OverviewCleveland Clinic is one of the world leaders in kidney disease treatment and kidney transplant. Many of the minimally invasive procedures being introduced in hospitals around the world were pioneered by surgeons at the Glickman Urological and Kidney Institute and Minimally Invasive Surgery Center.
The transplant team includes transplant surgeons, pediatric nephrologists, anesthesiologists, nurse practitioners, social workers, family counselors, dieticians, child life, pharmacists and others, all of whom have specialized training in caring for children with kidney disease to help restore health and wellness in our patients
What We Treat
There are a variety of reasons that children may need a kidney transplant. Kidney transplantation is an option when a person’s kidneys no longer function on a permanent basis. This loss of function leads to the need for long-term dialysis or a kidney transplant to sustain their life.
Pediatric patients from around the world rely on us for the care and treatment of renal diseases and other kidney conditions such as:
- Acute kidney injury
- Chronic kidney disease
- Congenital renal malformations
- Electrolyte Problems
- Glomerular Diseases
- Growth failure in children with kidney disease
- Hemolytic uremic syndrome in children
- Hypertension- high blood pressure
- Kidney cysts
- Kidney disease in solid organ transplantation
- Kidney stones
- Nephrotic syndrome
- Pediatric urinary incontinence
- Peritoneal dialysis and hemodialysis
- Polycystic kidney disease
- Renal failure
- Renal tubular disorders
- Renovascular hypertension
- Urinary tract infection
- Voiding dysfunction in children
What to Expect
When you visit Cleveland Clinic Children’s Pediatric Nephrology Department for the first time, the nephrologist, along with our multidisciplinary team, will assess the status of the child’s general condition and kidney disease. After a thorough evaluation, we will provide you with all treatment options including kidney transplantation. After the initial evaluation, patients will be scheduled to see the rest of the transplant team to assess their transplant candidacy.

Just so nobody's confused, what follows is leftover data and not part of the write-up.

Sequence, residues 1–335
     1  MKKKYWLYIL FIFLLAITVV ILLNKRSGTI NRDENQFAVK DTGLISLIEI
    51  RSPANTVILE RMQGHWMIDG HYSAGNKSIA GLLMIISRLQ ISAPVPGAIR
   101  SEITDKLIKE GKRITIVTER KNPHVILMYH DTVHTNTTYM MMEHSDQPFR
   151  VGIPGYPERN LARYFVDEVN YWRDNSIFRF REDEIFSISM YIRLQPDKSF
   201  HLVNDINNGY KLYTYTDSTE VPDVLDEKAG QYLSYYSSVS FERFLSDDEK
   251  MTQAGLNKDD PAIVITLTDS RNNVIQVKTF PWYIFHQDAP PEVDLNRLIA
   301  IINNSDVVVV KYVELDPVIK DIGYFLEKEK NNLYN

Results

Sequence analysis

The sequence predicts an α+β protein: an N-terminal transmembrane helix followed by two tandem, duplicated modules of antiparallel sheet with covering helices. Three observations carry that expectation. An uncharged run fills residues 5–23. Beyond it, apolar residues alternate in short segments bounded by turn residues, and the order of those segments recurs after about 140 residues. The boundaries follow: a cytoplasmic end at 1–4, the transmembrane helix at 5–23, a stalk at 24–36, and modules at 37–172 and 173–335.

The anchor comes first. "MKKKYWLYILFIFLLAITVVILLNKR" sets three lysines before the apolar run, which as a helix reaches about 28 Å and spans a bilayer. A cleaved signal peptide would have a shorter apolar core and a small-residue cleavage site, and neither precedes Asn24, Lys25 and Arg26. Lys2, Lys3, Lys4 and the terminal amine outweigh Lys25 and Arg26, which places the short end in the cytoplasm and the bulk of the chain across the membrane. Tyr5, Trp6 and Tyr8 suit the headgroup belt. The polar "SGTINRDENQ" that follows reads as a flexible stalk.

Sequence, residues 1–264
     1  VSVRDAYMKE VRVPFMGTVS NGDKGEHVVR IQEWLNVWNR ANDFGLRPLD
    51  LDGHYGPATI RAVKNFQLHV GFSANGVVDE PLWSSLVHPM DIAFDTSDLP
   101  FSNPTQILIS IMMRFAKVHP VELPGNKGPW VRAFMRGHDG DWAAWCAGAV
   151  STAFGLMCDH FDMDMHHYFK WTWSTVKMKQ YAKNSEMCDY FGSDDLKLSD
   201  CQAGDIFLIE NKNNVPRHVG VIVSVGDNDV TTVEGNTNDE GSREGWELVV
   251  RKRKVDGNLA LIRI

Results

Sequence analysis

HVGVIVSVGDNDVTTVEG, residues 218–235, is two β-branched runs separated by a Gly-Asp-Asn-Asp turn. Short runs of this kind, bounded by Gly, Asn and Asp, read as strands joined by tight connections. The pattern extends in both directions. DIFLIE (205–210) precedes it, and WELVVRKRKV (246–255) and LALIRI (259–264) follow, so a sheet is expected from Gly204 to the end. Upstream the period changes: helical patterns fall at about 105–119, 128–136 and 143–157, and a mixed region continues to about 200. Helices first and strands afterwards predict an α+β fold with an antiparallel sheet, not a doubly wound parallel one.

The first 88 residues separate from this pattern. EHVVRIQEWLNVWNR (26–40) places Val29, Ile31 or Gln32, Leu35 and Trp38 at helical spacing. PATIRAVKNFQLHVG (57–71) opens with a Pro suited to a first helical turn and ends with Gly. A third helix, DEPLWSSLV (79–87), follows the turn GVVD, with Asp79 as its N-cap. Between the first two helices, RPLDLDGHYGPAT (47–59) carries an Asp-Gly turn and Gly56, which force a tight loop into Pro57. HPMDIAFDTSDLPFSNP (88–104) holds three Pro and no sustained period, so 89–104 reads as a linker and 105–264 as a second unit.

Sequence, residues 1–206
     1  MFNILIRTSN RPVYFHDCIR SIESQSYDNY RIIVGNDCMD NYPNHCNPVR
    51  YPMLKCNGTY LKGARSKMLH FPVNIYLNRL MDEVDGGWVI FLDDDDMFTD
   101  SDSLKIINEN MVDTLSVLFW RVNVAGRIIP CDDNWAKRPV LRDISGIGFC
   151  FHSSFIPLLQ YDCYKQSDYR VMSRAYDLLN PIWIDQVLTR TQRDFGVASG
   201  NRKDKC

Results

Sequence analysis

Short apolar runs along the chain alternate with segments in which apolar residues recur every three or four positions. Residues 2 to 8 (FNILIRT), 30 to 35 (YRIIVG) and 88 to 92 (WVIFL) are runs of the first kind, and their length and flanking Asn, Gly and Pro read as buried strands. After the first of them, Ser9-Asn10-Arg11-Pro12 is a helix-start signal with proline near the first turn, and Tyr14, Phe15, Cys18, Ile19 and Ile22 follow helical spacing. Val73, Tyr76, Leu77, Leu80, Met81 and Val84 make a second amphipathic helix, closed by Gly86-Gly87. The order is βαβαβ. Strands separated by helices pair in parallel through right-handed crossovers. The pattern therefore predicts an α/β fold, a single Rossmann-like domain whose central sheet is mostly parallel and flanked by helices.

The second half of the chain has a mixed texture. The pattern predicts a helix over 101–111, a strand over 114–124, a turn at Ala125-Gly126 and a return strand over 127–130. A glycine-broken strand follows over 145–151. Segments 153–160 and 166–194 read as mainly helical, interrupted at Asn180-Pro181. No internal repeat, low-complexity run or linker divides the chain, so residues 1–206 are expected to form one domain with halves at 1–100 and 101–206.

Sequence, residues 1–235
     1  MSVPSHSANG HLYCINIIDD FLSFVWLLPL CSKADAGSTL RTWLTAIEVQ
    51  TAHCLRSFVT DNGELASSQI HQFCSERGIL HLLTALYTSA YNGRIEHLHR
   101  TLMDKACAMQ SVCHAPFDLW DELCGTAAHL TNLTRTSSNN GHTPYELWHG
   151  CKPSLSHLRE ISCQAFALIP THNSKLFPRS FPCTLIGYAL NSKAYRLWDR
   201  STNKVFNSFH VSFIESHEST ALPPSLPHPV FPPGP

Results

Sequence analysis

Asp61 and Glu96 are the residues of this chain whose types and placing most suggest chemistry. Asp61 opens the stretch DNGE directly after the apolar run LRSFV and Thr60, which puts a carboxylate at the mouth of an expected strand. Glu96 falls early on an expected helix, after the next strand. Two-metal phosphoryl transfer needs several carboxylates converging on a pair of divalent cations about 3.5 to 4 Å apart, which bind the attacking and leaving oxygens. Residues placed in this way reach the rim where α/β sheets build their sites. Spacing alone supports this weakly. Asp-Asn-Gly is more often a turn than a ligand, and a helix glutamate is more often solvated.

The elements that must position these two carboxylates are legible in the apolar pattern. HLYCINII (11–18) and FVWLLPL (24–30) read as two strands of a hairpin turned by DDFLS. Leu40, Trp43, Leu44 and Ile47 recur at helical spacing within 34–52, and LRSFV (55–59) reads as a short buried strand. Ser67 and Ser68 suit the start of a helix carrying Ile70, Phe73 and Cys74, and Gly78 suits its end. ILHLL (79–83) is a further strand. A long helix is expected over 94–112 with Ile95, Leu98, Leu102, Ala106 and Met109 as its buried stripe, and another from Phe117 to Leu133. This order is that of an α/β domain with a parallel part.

The evaluation will consist of:
- Medical evaluation
- Nutritional evaluation
- Surgical evaluation
- Psychosocial evaluation
- Transplant education
- Financial evaluation
- Lab work
- Additional testing and consults may be needed, based on nephrologist’s evaluation
Once the evaluation is complete, the patient’s chart will be reviewed and the patient’s case will be presented at the selection committee. The selection committee may approve the patient for listing, require additional information prior to making a decision, or determine that the patient is not a candidate for transplantation. The patient, referring physician, and dialysis unit (if applicable) will receive letters notifying of the committee’s decision.
Once a patient has been approved for transplant listing, insurance authorization will be obtained if needed prior to being placed on the national transplant waiting list.
What happens before a pediatric kidney transplant?
Up to 40 percent of kidney donations come from living donors. Parents, siblings or other willing family members could be tested to see if they may be a viable match for kidney donation. But, surprisingly, only 60 percent of patients who having living kidney donors are related to the donors.
What happens after a pediatric kidney transplant?
After a kidney transplant, the patient will spend several days to a week in the hospital while being monitored for post-transplant complications and treated for post-surgical pain. The child will be encouraged to walk soon after surgery as it encourages blood flow and the healing process.
Learn more about pediatric transplant or schedule a consultation.
Jane Kuzniar, Cleveland Clinic Children’s
- Phone: 216.444.6123, Opt 3
- Email: [email protected]
A variety of websites and articles offer additional information on the subject of transplantation and on procedures and organ donation.
General Links for Transplantation
- Cleveland Clinic Transplant Center
- UNOS (United Network for Organ Sharing)
- Donate Life America